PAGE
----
TANF and Moving to Independence

The Department of Human Services is dedicated to helping low-income families become independent while they receive Temporary Assistance for Needy Families, TANF, benefits. TANF is also referred to as cash assistance.

The TANF program provides money to help:

  • Pregnant women
  • Dependent children and their parents who live with them
  • Dependent children and other relatives who live with them and care for them

How to Apply:

Application for cash assistance, SNAP and Medical Assistance Benefits (English version)

Solicitud para recibir beneficios (Version Española)

If you need help completing the application form or need more information about benefits, trained workers at your county assistance office can help you.

Are You Eligible?

To be eligible for cash assistance/TANF, you must meet certain requirements. Workers at the county assistance office can provide more information on all of these requirements:

  • You must be a United States citizen and a resident of Pennsylvania. (Certain non-citizens lawfully admitted for permanent residence may be eligible.)
  • You and your family members must provide Social Security Numbers or apply for them.
  • You are required to look for a job or participate in an employment and training program. (Some people may be excused from the work requirements, for example, a person with a disability.)
  • You are required to help the caseworker complete an Agreement of Mutual Responsibility (AMR), which is a plan for what you will do so you no longer need cash assistance. The plan may include looking for work, attending a training program, or applying for Social Security benefits. You must sign the AMR and follow through with the plan.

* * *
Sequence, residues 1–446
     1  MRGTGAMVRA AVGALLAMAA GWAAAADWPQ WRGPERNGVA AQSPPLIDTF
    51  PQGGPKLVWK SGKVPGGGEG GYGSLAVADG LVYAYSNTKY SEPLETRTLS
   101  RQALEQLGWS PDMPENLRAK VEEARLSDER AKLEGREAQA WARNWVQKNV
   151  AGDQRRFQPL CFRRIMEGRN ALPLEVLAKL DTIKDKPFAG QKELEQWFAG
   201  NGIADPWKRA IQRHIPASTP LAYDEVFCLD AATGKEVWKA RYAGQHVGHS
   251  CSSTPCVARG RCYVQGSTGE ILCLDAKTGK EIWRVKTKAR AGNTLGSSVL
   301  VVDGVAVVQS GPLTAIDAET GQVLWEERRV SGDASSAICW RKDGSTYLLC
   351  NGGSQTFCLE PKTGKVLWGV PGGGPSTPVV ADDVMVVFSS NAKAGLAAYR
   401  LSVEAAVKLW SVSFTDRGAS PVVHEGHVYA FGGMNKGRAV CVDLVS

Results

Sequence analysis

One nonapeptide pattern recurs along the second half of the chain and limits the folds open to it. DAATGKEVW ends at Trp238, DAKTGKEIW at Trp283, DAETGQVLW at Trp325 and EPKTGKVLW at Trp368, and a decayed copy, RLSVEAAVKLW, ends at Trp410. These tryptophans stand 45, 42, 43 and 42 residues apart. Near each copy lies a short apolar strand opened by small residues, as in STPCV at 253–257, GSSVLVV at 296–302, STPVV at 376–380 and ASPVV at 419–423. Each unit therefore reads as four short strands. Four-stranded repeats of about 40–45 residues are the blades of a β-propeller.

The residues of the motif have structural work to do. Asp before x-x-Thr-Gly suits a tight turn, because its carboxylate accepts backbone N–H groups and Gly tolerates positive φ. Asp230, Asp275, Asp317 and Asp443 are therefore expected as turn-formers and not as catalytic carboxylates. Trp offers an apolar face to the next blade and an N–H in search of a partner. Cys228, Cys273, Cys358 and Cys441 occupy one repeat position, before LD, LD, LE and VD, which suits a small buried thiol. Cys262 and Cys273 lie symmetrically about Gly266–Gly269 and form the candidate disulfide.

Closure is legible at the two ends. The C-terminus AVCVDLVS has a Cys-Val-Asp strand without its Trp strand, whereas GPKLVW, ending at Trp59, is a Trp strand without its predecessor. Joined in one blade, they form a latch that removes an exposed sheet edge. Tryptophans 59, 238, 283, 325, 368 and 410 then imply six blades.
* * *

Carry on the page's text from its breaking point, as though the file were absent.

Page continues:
• If you want cash assistance for a dependent child, you must cooperate with paternity and child support requirements, unless you have a good cause for not not cooperating. Your child must be under age 18 or age 18 and a full-time student. Your child must live with you and you must care for the child. You must need support and care for the child as a result of at least one of these things:
    • Death of the child's parent;
    • Incapacity of the child's parent (such as a long illness);
    • Continued absence of a parent from your home; or
    • One or both parents with no income or low income from employment.
  • Your resources (things with cash value such as bank accounts, bonds or property that is not your primary/main residence) must have a value of $1,000 or less.
  • You must report all income from employment or from other sources including, but not limited to, child support, unemployment compensation, interest, Social Security benefits, or lottery winnings.

How long can I receive cash assistance?

You can receive cash assistance for 60 months (five years) total over the course of your lifetime.

Frequently Asked Questions about cash assistance

 

 VIEW: TANF Infographic
Temporary Assistance for Needy Families (TANF)  infographics that explains the general information about the program.

 

Temporary Assistance for Needy Families State Plan

Summary of Key Issues

As required by the Personal Responsibility and Work Opportunity Reconciliation Act of 1996, each state must submit a TANF state plan to the U.S. Department of Health and Human Services (DHHS). State Plans may be amended at any time. The updated State Plan will be submitted to DHHS in December 2018.
 

The Following questions and answers highlight changes that have been made to Pennsylvania's TANF program:
What are the major changes in the new State Plan?Pennsylvania’s State Plan includes these changes:  

Changes to RESET Sanction Policy